Graphic: Pilot Mark Stuart-Russell
It’s no surprise Mark Stuart-Russell found a career in aviation.
At just four days old, he took his first flight. He was taken home from hospital in his father’s Cessna 170.
“From the time I could walk all I wanted to do was fly. I grew up hanging around the local airport and spent many hours scrounging rides and learning the basics in a variety of General Aviation charter aircraft but could not afford formal lessons,” Mark said.
“This is where I first became aware of the RFDS. I used to watch the RFDS Queen Airs coming and going, and I dreamed of one day being an RFDS pilot.”
From there his love of flying only grew.
“I left school at 15 and joined the Army at 17, wanting to go into Army Aviation. The Army had different ideas and I ended up in an Infantry Battalion. I left the Army after six years and took a job as an Ambulance Officer.”
“While working in the Queensland Ambulance Service, I got married, started a family, and worked my way up to being an Intensive Care and Flight Paramedic which finally allowed me to take flying lessons at Redcliffe Aero Club and gain my commercial pilot licence in 2000.”
After 24 years with the Queensland Ambulance Service, whilst accruing flying hours and experience on the side. Mark accepted his long-awaited dream job as an RFDS pilot in Mount Isa.
As a pilot for the Flying Doctor in Queensland, Mark faces some challenging situations most commercial pilots never come across.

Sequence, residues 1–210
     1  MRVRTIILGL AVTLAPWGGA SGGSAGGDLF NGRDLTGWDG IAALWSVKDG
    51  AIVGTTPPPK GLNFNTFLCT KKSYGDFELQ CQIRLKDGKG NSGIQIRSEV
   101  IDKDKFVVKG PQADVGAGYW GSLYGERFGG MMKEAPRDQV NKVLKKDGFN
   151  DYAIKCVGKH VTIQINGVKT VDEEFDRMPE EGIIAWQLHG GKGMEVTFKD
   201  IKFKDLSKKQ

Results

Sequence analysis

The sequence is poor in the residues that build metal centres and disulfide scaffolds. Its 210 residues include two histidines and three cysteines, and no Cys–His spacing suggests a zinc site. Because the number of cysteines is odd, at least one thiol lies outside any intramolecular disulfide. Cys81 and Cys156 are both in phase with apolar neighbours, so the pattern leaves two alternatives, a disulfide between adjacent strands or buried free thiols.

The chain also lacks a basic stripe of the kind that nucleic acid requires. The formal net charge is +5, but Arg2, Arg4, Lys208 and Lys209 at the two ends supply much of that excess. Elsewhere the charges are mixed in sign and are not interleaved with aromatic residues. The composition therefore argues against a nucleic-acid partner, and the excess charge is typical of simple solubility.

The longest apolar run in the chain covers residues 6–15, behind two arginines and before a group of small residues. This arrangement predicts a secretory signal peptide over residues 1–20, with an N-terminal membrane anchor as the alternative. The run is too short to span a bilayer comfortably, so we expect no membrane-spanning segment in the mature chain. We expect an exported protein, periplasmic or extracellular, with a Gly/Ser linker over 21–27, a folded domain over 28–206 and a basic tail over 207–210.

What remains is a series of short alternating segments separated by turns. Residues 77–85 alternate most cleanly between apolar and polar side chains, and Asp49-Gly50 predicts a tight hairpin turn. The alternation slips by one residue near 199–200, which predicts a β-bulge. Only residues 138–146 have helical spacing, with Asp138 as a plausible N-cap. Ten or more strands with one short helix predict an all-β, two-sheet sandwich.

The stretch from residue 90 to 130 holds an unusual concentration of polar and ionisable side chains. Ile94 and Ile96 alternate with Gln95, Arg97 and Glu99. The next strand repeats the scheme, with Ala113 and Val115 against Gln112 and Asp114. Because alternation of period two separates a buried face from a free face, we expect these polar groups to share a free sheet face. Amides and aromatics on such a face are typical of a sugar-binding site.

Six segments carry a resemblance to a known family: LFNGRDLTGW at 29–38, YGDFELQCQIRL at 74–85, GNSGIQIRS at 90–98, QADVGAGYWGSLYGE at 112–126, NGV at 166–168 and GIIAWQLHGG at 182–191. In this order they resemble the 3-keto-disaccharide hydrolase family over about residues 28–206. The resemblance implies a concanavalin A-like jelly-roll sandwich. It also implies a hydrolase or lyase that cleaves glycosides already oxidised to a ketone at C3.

“The 24/7, all-seasons availability means the RFDS (Queensland Section) need to operate in all types of conditions and be able to land when the weather is less than ideal.”
“While we avoid flying near thunderstorms due to the dangers of lightning and turbulence or heavy dust clouds due to the damage it can cause to engines and equipment, our aircraft are very well equipped with advanced avionics that assist us in performing approaches through darkness, cloud and rain.”
In February 2021, Mark found himself in the middle of a tropical low in North Queensland.
Thick cloud cover meant the runway wasn’t visible from the air.
He used an instrument landing to guide the aircraft onto the runway.
Each route has its own unique challenges.
“There have been some very challenging tasks including road landings and long-distance emergency flights by day and night to provide critical care in the furthest corners of the state where weather, lighting and time have had to be carefully balanced to ensure safe outcomes.”
“Across the different bases there are different challenges in delivering our aviation services; from high intensity procedural flying in busy international airport environs to black-hole approaches into remote bush airstrips with improvised lighting.”
He’s found himself in no shortage of unique situations.
“There have been cases where patients have only survived because our RFDS aircraft can access remote landing strips, deliver highly trained medical teams and fly the patients at high speed directly to definitive care destinations in major cities.
“I’ve had many notable flights including a couple where we have landed with more passengers than we took off with (in-flight baby deliveries).”
The job may have been decades in the making but there’s no doubt it was worth the wait.